It was about this time that “our” carrier made a boo-boo and got a bit too close to some rocks, no need for enemy action this time. So farewell to her for a few months. (see where your taxes are going?).
Leaving this area there were no pilots available for the long slog south, so we had to take the open sea route…..bang, straight into big nasties. The bridge on an LSL had video feeds from various “vulnerable” parts of the ship, so it wasn’t very long before I saw water spurting into the bow space compartment through a gap in the bow doors. Ooopsy. Another awkward “turn-around” and head for calmer waters to fix it.

We had other “bits’n’bobs” to do, but eventually my time on Bedivere was up, go on leave, and re-enter the “mainstream”.   BY.
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craftysod

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Re: Nautical "Strange but True!"
« Reply #586 on: April 15, 2010, 08:40:47 pm »

When reading your exploits Bryan,when you stop,its like putting down the good book your are reading,and waiting for the next chapter.
In our case we cant pick up that book and long to hear the next chapter from you.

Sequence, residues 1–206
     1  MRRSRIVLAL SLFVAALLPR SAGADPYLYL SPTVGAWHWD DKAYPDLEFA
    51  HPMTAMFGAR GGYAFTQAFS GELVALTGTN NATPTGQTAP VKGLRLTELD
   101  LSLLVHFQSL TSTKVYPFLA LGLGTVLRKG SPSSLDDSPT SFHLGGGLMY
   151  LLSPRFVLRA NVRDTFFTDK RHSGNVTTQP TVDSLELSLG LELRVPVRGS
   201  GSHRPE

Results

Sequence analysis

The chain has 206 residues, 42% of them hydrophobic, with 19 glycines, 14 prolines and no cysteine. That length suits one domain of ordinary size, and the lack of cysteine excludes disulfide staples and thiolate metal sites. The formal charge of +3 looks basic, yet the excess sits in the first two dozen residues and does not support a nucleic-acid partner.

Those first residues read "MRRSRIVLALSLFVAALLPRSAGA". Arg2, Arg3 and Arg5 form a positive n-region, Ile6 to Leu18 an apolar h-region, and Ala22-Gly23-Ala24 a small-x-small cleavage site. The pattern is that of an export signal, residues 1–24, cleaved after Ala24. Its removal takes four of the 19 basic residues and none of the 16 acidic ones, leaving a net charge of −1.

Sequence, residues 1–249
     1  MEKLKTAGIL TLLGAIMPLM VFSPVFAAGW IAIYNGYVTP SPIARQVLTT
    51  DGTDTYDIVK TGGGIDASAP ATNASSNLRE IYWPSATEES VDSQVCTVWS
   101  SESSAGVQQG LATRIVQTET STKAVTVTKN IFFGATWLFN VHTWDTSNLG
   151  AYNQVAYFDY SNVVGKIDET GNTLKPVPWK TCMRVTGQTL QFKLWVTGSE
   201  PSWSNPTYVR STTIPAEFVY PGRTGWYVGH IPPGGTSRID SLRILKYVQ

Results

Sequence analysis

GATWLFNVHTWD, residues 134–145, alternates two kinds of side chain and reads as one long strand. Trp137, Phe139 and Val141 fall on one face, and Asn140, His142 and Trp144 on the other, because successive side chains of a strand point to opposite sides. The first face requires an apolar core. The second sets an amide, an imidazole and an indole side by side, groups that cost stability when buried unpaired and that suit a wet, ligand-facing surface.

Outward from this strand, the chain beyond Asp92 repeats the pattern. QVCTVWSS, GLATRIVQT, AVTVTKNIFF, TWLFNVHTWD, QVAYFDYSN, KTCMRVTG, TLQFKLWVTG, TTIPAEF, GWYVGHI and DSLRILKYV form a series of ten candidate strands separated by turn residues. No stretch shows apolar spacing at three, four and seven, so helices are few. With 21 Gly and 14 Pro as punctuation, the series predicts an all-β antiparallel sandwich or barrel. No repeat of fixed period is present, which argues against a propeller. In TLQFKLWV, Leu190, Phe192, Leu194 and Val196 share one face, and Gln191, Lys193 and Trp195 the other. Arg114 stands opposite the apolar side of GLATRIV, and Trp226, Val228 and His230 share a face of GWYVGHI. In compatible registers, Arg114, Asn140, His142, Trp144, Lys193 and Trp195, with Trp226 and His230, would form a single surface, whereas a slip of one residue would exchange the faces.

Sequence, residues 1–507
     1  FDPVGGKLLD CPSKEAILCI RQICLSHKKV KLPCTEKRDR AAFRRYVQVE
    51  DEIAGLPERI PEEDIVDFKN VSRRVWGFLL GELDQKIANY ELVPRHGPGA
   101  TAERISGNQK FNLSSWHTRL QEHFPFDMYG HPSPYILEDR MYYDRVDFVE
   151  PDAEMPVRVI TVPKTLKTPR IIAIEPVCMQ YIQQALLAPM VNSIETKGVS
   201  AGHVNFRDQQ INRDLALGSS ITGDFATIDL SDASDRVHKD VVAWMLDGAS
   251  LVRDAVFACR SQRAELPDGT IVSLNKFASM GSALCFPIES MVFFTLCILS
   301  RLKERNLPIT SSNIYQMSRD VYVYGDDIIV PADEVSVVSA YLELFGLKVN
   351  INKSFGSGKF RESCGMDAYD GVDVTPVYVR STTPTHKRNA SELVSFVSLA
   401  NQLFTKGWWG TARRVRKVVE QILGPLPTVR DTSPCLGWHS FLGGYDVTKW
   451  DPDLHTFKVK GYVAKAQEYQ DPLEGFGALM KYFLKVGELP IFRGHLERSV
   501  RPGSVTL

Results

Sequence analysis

You have lived a life most people would be envious of,wonderful reading.
Mark
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Bryan Young

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Re: Nautical "Strange but True!"
« Reply #587 on: April 16, 2010, 05:48:13 pm »

When reading your exploits Bryan,when you stop,its like putting down the good book your are reading,and waiting for the next chapter.
In our case we cant pick up that book and long to hear the next chapter from you.
You have lived a life most people would be envious of,wonderful reading.
Mark
Craftysod...whatever your real name is....thank you. But in reality I never considered my life to be anything out of the ordinary. I mean, like it wasn't as if I was ploughing a lone furrow. I was only one of a bunch of people who happened to be there at the same time. If "they" (whoever they may be) wanted to write about the same incidents etc. then you'd probably get many more versions of the same events. I have tried to be truthful though...but at times, and perhaps understandably, my more personal feelings/observations had to be stated.